Montclair State University held its Winter 2021 Choral Concert, titled “Rejoice!” on Dec. 4 at Alexander Kasser Theater, a performance featuring the Montclair State University Singers and Montclair State Chorale.
The audience anxiously awaited the start of the show. As the chorale made their slow descent onto the stage, the audience cheered. It soon became clear the love in the room, for the art that had been sorely missed over the coronavirus (COVID-19) pandemic, far outweighed any nervousness there.
The night was sure to be historical, as the score, “The Breath Of Life,” was receiving its northeast debut performance from composer Dan Forrest.
On piano was Steven W. Ryan, an extremely accomplished musician. Ryan felt the concert was a joy beyond belief.
“To make music with such a fine group of singers and instrumentalists is a dream come true,” Ryan said. “I couldn’t have been happier with the concert.”
“The Breath Of Life” was one of Ryan’s new favorites.
“[In the new piece], Forrest captures the poetic sentiment beautifully,” Ryan said. “It has a beautiful piano part, so I enjoyed playing it. The thick choral writing was perfect for the big choir. [It was] sumptuous and warm.”
Customary for conductors, Dr. Heather J. Buchanan was the last to enter. As she bowed, the audience clapped, and soon everyone held their breath.
With a wave of her hand, the New Jersey Symphony Orchestra Chamber Ensemble began with the chorale following soon after. A slow, somber piece of music soon filled the air. Yet not one member of the audience wept. In fact, several were grinning ear to ear. The music was the perfect welcome back to an audience that had an immensely rough couple of years.
“The Breath Of Life” had three movements (plus epilog), each more beautiful than the last. The piece paired an electrifyingly mystic and magical sound with profoundly beautiful text, together creating, what is to me, one of the best classical pieces written in the last few years.
The audience was practically clinging to every note until the end of the piece, to which they reacted with a joyous uproar. The amount of talent within the chorale’s ranks alone is enough to fuel the entire music industry for years.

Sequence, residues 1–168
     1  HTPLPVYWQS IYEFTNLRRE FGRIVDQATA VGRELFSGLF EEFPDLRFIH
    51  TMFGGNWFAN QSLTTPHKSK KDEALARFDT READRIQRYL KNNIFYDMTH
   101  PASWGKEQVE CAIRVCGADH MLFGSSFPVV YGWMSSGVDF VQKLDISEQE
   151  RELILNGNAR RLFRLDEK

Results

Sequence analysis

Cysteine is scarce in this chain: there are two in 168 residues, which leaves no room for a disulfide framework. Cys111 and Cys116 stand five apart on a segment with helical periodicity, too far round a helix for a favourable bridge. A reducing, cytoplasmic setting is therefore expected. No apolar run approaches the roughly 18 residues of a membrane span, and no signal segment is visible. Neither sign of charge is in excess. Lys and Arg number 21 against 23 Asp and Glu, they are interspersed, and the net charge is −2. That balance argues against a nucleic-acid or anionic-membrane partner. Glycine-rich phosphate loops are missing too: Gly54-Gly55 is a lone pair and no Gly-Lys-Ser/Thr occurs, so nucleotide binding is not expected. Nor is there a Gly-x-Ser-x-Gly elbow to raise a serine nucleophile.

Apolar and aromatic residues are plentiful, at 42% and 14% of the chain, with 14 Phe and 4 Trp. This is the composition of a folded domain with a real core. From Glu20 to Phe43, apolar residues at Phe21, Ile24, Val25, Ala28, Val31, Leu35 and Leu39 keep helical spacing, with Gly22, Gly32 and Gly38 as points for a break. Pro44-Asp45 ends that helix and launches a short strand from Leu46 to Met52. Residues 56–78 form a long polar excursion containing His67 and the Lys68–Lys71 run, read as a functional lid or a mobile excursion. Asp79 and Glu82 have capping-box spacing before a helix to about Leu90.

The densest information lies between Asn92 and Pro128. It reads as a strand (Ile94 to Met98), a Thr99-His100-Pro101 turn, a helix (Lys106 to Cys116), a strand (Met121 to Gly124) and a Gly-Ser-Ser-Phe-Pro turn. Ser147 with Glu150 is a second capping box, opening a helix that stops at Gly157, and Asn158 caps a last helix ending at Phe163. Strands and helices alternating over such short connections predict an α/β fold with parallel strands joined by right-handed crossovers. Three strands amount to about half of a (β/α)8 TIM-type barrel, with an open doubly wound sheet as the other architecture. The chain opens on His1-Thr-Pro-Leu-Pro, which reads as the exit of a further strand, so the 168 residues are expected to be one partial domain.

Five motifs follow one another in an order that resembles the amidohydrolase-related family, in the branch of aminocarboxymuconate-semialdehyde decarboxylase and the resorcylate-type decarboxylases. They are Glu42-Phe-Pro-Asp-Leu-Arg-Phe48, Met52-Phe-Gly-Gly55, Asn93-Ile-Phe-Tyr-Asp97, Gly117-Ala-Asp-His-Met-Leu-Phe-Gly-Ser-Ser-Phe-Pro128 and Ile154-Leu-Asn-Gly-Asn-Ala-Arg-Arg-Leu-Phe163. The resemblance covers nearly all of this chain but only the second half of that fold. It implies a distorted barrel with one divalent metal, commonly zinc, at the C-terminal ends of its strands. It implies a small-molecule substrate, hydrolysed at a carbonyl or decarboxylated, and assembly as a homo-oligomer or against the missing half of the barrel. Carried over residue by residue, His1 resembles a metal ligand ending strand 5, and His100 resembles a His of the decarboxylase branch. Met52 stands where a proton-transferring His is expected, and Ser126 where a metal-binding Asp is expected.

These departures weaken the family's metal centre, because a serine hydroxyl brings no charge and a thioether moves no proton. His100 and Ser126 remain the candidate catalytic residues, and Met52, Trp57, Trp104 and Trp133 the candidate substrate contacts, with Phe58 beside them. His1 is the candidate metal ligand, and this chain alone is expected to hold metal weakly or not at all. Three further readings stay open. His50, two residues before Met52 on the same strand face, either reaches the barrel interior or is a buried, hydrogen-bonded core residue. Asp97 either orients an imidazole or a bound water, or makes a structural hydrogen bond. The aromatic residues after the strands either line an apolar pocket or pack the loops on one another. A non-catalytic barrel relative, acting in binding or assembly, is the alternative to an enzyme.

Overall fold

The piece’s vocal soloist, Montclair State’s own Taylor Amato, who is currently completing her master’s degree in vocal performance, was the cherry on top of an exquisite sundae. Amato’s classically trained voice can be best described as unforgettable and technically marvelous.
Even those reading their programs put them down to listen to her performance. It would not be surprising if Amato’s name soon appears in the programs of those at the Metropolitan Opera.
Amato herself felt excited by the return to live performances.
“It felt absolutely amazing and surreal being onstage again,” Amato said. “Singing without a mask again was truly an emotional experience.”
After a short intermission, the University Singers entered the stage, performing highlights from Handel’s “Messiah.” I was skeptical, as the chorale performance was close to perfect if the Singers would hold the same standard.
Not only were they at the same standard, but the energy radiating from their performance was extremely touching. The pure happiness to be singing within a theater again was present in each performer’s voice. There was an indescribable warmth within each phrase sung by the performers, which of course, the audience embraced with the utmost comfort.
One of the singers, Katie Kane, a junior theatre studies major, thoroughly enjoyed the piece and performance.
“‘Messiah’ is one of my favorite pieces to perform, especially with this choir,” Kane said. “The way we blend is just, well, heaven.”
The return to the stage was exhilarating for Kane.
“It feels amazing,” Kane said. “It feels like going back home. I wanted nothing more than to be up [there] again.”
The Singers’ soloists were some of the best vocalists I had heard in years.
Zachary Delcamp, an alumni who completed his master’s in music performance at Montclair State, was the first, performing pieces from the third movement, “Behold, a virgin shall conceive.” Delcamp’s countertenor tone was excellently placed, each note sitting perfectly within his register. If one was not paying attention, you could easily mistake Delcamp for a classically trained soprano.
Following Delcamp, adjunct professor Karen Driscoll began her performances of both the fifth and seventh movements, “Suddenly There Was An Angel” and “Rejoice Greatly.”
Driscoll’s soprano is some of the most alluring and lovely I’ve ever heard. She performed “Rejoice Greatly” with near superhuman precision. Each vocal run is done one after the other with an effortless air. Driscoll is nothing less than a talent powerhouse. Hearing Driscoll and Delcamp pair together for “He Shall Feed His Flock” is surely something memorable.
The last soloist of the evening was Jason Zacher, who graduated from Montclair State in 2016. Performing “The Trumpet Shall Sound,” Zacher came to the stage with a confidence to be envied. Zacher’s silk-like bass-baritone was as glamorous as it was engaging. One member within the audience audibly replied, “Oh, what a voice!” as Zacher finished his solo.
As the performance came to a close, Buchanan took to the mic. She expressed her gratitude to be back in the theater, as well as her excitement for what is to come.
She asked the audience to join the choir in singing their final piece, “Hallelujah.” The audience reacted immediately, standing up and facing the stage as if they were members of the choir themselves.
What happened next was nothing short of breathtaking; an entire audience and choir sang together, grateful and overjoyed with the art they were experiencing, something many will truly never forget.